AYO Foods is West African fare, past, present and futureAYO Foods is West African fare, past, present and future
The Chicago-based company produces frozen and boxed foods as well as a line of hot sauces. In less than two years, the business went from selling its products in 50 stores to more than 4,000 locations nationwide, including Kroger, Target and Whole Foods.
September 30, 2022
Imagine strolling down the grocery aisles and not finding your favorite comfort foods and ingredients. No tortillas and salsas. No noodles and tomato sauces. No frozen pizzas, burritos or eggrolls.
For Perteet Spencer, this was a life-long occurrence—until she finally decided to do something about it. As a first-generation Liberian American citizen, she grew up eating authentic West African fare at home and even learned how to cook it from her father. But like others who just want to come home after a long day and pop a frozen pizza in the oven instead of making it from scratch, she wanted the convenience of doing the same with West African dishes.
That’s when Spencer and her husband, Frederick, conceived AYO Foods, a Chicago-based company specializing in West African cuisine. Launched in July 2020, AYO Foods produces frozen and boxed foods as well as a line of hot sauces. In less than two years, the business went from selling its products in 50 stores to more than 4,000 locations nationwide, including Kroger, Target and Whole Foods.
The road to success for AYO Foods
While AYO Foods sounds like an overnight success story, Spencer will attest that their journey was hardly a cakewalk. For one, she said, West African food is “very anti-mass production.”
“It’s very hard to turn [West African fare] into a CPG brand,” the former foodservice executive further explained, “so that had its own set of challenges, and that’s why we haven’t seen this food on a broader stage before. But once we actually got the food in people’s mouths for the first time, they [appreciated] it. There are a lot of misperceptions about West African foods, and we’re on a mission to debunk that.”
They’re doing it by producing some of the most popular West African dishes, with the first product a Liberian classic, a cassava leaf stew made with ground cassava leaves, chicken and several spices.
“That’s a go-to for Liberians,” Spencer said. “We wanted to provide dishes that were true to our experiences from home, but also dishes that were shared across cultures.” She added that narrowing down AYO’s offerings was difficult as there are 17 countries comprising West Africa with their own unique traditions and cultures.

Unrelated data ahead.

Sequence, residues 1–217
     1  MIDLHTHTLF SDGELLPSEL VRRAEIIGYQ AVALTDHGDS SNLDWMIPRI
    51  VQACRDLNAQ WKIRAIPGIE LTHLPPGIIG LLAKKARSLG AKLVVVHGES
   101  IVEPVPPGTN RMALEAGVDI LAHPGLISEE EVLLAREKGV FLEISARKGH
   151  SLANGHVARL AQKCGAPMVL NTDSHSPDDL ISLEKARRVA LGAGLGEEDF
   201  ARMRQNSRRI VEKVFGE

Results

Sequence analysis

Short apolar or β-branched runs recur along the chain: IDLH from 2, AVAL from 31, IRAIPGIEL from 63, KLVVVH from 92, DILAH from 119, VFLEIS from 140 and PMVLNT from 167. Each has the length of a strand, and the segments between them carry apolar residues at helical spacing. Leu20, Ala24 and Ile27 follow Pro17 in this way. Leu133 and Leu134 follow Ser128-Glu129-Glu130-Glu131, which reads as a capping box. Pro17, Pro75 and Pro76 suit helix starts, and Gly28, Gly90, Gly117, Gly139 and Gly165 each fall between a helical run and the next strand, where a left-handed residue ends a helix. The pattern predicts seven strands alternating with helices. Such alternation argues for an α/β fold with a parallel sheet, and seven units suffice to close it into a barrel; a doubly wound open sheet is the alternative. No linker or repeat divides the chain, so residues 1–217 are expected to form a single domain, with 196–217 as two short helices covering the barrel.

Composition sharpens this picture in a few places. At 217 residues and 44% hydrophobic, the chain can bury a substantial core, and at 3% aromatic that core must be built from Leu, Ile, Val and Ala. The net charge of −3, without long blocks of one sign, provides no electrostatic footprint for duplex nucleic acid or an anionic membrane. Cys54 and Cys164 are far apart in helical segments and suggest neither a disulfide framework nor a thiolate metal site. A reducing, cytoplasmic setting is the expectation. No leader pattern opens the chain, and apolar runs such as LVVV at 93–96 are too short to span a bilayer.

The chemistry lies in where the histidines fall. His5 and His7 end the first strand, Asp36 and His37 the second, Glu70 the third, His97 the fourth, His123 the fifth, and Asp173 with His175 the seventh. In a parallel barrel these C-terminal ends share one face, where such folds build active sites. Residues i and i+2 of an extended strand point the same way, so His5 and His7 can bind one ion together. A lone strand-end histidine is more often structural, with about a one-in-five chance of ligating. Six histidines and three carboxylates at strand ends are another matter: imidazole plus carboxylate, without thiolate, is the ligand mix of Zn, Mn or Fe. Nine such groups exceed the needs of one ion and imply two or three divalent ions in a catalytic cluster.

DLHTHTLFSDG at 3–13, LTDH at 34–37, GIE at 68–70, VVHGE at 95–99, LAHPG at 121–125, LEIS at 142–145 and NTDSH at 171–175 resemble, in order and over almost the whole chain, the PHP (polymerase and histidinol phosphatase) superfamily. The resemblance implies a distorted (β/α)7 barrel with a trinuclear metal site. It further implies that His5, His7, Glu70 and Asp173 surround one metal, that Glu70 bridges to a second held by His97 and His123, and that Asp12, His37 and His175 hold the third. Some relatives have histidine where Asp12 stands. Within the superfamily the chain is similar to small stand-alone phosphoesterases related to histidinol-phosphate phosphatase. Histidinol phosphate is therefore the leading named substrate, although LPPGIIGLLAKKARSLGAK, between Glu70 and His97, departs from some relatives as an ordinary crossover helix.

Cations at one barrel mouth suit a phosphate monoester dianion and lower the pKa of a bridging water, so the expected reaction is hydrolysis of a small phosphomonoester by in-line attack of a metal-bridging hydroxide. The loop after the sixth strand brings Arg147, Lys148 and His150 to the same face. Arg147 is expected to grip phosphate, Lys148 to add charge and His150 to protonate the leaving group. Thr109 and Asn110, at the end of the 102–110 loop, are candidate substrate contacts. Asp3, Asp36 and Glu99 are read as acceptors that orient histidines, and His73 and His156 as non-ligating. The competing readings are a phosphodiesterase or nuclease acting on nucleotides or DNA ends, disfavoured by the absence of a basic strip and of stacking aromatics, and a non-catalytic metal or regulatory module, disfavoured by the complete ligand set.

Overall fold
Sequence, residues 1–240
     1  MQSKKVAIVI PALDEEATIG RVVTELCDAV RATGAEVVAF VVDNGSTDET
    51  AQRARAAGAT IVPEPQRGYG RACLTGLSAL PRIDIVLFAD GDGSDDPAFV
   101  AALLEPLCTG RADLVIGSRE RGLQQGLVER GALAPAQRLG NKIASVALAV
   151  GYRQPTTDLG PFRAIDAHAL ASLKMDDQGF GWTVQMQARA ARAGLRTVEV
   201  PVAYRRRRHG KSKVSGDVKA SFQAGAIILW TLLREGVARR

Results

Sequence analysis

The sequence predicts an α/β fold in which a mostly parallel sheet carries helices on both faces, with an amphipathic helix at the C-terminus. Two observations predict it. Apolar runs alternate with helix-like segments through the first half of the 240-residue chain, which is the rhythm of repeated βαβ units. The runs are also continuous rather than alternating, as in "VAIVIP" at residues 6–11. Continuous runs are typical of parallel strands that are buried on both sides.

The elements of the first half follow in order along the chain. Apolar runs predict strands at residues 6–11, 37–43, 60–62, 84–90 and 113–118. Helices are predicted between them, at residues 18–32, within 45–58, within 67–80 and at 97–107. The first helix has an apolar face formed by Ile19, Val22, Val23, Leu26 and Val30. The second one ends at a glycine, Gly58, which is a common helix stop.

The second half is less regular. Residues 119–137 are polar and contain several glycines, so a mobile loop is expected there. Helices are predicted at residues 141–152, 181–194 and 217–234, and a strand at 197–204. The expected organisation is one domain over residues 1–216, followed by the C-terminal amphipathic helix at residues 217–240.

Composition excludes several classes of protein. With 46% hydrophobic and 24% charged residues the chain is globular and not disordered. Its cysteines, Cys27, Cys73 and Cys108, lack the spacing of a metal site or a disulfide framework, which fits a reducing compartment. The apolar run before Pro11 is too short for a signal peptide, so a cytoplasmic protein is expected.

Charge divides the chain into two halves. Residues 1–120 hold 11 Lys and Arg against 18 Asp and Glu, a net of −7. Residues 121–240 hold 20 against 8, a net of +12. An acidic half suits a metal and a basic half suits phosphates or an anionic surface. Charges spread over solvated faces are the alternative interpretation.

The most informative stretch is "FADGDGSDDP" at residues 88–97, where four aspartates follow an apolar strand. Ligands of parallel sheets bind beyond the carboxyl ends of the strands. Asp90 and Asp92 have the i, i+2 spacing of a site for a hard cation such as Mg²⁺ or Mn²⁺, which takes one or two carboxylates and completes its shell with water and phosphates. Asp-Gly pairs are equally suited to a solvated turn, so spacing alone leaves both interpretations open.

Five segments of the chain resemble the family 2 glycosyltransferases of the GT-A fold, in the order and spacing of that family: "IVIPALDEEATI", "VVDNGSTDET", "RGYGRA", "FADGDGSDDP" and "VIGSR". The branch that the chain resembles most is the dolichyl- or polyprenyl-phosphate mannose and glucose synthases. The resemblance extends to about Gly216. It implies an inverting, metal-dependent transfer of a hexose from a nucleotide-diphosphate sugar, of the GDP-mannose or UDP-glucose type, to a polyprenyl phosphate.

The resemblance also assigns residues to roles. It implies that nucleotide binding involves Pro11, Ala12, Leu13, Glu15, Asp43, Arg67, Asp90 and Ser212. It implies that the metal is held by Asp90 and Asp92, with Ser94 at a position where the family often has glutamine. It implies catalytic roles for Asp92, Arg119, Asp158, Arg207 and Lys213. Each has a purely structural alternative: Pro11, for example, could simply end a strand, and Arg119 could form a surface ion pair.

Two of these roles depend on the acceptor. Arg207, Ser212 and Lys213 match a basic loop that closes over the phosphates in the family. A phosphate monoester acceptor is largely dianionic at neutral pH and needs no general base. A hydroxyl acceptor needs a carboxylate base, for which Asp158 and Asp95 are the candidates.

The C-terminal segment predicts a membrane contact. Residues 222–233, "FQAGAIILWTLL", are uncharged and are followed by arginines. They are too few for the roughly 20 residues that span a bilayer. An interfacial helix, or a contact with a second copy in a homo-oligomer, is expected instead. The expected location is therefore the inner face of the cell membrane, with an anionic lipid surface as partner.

“Our first dishes were really rooted in this idea of let’s celebrate in the shared experiences—even though everyone might put a slightly different flair on it,” she explained. In addition to the frozen cassava leaf stew, the line includes a traditional preparation of the tomato-based jollof rice as well as egusi soup, chicken Yassa and waakye.
They’ve even commissioned culinary notables Eric Adjepong and Zoe Adjonyoh for their star power and recipes for chicken Yassa and waakye, respectively. And in 2021, AYO Foods launched pepper sauce, a traditional, spicy concoction that’s her family’s signature recipe, and shito sauce, a slow-cooked, thick paste with a fish base. “It goes on pretty much everything at the house, from eggs to pizza to grilled vegetables,” Spencer said. “There is always shito on the table.”
Normalizing West African flavors in the grocery aisles
Early in AYO Food’s CPG journey, said Spencer, people questioned why its products were in the frozen aisles.
“For us, it was very much the obvious place because we wanted to provide [traditional West African dishes], and frozen was a space where we could deliver a complete experience and make it really easy to enjoy,” she explained. “Our vision is to extend [West African] flavors across the store. Frozen was the beginning. And the launch of sauces was the indicator of that as well as what’s to come for our brand.”
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